And the agency fired two more high-level employees: Emily Helm, assistant general counsel, and Ray Worsham, director of youth care investigations who was suspended this month over allegations he redacted reports on abuse investigations.
Neither Mr. Parsee, Ms. Helm nor Mr. Worsham could be reached for comment. It is unclear whether Ms. Helm is the subject of an agency investigation.
TYC spokesman Jim Hurley said that Mr. Parsee, who has been superintendent since 2001, lied to a police investigator and said he was unaware of Marlin inmates complaining of sexual abuse.
Investigators later found evidence that Mr. Parsee had been notified about several sexual assault allegations at the facility, which is the first stop for all inmates entering the TYC system.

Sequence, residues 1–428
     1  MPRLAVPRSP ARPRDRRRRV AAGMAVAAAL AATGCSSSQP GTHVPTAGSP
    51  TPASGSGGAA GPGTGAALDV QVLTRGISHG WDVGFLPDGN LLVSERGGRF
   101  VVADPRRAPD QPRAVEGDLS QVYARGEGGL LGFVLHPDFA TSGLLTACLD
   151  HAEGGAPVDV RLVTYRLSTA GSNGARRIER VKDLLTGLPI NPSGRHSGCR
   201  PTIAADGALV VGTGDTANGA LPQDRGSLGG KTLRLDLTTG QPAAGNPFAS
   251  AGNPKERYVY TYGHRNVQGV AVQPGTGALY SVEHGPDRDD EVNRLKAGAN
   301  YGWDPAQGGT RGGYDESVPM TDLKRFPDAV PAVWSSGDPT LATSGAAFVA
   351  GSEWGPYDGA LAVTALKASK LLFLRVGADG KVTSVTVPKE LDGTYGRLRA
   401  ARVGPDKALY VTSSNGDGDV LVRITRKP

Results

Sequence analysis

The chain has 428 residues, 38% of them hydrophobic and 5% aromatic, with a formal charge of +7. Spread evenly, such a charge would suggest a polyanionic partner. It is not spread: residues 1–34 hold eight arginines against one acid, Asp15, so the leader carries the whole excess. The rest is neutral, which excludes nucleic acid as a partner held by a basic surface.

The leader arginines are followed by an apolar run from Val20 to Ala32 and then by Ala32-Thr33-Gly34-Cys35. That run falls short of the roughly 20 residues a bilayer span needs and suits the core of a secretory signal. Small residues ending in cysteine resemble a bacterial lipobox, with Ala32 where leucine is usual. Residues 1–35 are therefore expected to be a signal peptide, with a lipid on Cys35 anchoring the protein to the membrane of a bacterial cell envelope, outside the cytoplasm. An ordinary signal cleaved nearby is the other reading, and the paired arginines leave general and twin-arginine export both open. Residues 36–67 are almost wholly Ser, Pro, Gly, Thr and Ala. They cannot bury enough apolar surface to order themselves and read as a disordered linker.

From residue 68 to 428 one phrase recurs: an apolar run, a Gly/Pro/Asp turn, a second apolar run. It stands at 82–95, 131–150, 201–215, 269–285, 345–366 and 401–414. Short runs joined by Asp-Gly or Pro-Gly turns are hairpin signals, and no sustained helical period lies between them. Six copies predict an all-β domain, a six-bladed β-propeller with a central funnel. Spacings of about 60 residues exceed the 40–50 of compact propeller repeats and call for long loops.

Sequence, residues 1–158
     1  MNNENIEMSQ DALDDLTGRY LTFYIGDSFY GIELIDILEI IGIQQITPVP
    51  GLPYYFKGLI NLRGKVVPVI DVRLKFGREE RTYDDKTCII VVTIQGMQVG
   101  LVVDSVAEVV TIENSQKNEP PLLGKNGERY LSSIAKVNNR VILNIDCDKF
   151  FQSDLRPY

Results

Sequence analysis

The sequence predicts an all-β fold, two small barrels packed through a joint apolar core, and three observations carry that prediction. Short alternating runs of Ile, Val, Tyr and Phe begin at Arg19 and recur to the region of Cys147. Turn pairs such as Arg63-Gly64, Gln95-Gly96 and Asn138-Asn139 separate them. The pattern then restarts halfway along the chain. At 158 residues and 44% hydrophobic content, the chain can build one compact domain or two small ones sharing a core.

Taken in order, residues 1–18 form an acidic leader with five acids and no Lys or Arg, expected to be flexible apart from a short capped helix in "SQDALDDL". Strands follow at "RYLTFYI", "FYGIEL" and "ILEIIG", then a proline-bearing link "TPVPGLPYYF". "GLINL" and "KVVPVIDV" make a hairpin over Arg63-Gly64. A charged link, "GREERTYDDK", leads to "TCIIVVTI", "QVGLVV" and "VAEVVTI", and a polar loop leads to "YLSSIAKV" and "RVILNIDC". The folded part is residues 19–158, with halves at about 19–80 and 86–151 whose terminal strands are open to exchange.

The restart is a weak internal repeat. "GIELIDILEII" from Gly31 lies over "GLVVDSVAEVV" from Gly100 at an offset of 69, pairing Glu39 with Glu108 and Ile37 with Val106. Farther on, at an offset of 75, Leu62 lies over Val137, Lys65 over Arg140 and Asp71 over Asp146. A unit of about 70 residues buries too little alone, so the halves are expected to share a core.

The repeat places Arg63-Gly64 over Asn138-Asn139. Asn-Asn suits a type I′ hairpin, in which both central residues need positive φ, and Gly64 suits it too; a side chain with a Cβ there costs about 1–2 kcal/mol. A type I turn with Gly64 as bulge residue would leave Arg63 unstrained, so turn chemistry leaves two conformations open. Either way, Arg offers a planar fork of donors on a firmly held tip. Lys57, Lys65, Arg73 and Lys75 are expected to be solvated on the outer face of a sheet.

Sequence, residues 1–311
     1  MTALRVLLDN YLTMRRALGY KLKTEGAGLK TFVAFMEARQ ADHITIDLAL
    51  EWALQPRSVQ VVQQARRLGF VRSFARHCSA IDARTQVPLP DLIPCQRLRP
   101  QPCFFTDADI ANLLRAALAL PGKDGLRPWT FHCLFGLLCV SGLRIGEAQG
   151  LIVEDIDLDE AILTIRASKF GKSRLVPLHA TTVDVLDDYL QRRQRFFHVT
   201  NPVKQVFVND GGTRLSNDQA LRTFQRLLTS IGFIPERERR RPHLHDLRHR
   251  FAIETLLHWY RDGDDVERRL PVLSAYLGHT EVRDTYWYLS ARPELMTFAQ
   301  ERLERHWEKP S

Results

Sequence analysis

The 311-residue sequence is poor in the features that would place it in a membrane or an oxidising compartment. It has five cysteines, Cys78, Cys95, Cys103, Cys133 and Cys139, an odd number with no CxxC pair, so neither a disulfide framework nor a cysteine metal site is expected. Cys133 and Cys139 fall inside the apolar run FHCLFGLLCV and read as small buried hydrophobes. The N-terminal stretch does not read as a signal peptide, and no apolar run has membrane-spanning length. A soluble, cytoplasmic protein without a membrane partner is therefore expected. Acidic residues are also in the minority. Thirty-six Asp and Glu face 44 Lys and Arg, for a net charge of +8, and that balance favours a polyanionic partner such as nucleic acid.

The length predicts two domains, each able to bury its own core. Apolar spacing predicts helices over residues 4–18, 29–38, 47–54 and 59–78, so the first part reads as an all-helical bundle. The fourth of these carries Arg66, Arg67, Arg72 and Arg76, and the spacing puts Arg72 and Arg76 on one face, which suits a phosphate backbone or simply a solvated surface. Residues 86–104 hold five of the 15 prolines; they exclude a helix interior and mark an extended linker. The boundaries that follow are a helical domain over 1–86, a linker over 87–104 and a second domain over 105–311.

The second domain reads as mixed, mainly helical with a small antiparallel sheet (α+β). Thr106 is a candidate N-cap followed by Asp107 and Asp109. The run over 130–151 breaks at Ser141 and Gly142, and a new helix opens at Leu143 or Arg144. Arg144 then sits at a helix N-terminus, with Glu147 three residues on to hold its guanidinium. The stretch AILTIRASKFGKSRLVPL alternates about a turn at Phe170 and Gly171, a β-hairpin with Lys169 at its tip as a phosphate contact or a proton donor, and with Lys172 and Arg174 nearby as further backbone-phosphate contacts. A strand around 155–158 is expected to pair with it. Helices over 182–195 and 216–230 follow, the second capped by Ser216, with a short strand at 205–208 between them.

Mr. Parsee met with House Democrats last week as they toured the Marlin center, and the House Democratic Caucus leader, Rep. Jim Dunnam of Waco, accused the administrator of lying to lawmakers, too.
The arrest, Mr. Dunnam said, "underlines why we need an immediate and independent investigation into who knew what about sexual abuse at TYC and when they knew it."
Staff writer Doug J. Swanson in Dallas contributed to this report.
Nearly 1,100 investigations have been opened since the state began looking into problems at the Texas Youth Commission. A breakdown of the cases was released Friday.
The leading types of complaints:
General complaint, 213TYC locations with most personnel actions to date:
Giddings State School, 112